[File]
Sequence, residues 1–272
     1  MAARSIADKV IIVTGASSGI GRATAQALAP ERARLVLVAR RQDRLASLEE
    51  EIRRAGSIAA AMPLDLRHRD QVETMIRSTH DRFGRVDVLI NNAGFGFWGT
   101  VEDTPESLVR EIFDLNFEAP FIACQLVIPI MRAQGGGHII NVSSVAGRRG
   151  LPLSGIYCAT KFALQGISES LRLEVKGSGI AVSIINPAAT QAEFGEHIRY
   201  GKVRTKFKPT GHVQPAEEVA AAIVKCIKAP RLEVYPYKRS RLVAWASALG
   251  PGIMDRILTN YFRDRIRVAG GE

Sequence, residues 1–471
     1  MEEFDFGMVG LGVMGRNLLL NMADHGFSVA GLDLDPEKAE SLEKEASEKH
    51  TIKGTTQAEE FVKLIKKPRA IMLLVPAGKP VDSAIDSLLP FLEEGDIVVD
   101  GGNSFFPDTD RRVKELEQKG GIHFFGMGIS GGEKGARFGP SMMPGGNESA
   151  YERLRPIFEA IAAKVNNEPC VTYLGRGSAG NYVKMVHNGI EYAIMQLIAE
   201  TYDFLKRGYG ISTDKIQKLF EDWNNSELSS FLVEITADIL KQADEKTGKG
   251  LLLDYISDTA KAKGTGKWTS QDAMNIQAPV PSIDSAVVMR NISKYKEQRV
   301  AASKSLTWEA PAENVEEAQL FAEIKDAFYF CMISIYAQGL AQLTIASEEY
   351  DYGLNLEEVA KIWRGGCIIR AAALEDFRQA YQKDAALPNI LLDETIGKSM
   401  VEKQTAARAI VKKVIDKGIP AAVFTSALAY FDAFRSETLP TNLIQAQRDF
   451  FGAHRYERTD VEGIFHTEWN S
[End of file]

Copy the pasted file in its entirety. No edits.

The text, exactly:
Sequence, residues 1–272
     1  MAARSIADKV IIVTGASSGI GRATAQALAP ERARLVLVAR RQDRLASLEE
    51  EIRRAGSIAA AMPLDLRHRD QVETMIRSTH DRFGRVDVLI NNAGFGFWGT
   101  VEDTPESLVR EIFDLNFEAP FIACQLVIPI MRAQGGGHII NVSSVAGRRG
   151  LPLSGIYCAT KFALQGISES LRLEVKGSGI AVSIINPAAT QAEFGEHIRY
   201  GKVRTKFKPT GHVQPAEEVA AAIVKCIKAP RLEVYPYKRS RLVAWASALG
   251  PGIMDRILTN YFRDRIRVAG GE

Sequence, residues 1–471
     1  MEEFDFGMVG LGVMGRNLLL NMADHGFSVA GLDLDPEKAE SLEKEASEKH
    51  TIKGTTQAEE FVKLIKKPRA IMLLVPAGKP VDSAIDSLLP FLEEGDIVVD
   101  GGNSFFPDTD RRVKELEQKG GIHFFGMGIS GGEKGARFGP SMMPGGNESA
   151  YERLRPIFEA IAAKVNNEPC VTYLGRGSAG NYVKMVHNGI EYAIMQLIAE
   201  TYDFLKRGYG ISTDKIQKLF EDWNNSELSS FLVEITADIL KQADEKTGKG
   251  LLLDYISDTA KAKGTGKWTS QDAMNIQAPV PSIDSAVVMR NISKYKEQRV
   301  AASKSLTWEA PAENVEEAQL FAEIKDAFYF CMISIYAQGL AQLTIASEEY
   351  DYGLNLEEVA KIWRGGCIIR AAALEDFRQA YQKDAALPNI LLDETIGKSM
   401  VEKQTAARAI VKKVIDKGIP AAVFTSALAY FDAFRSETLP TNLIQAQRDF
   451  FGAHRYERTD VEGIFHTEWN S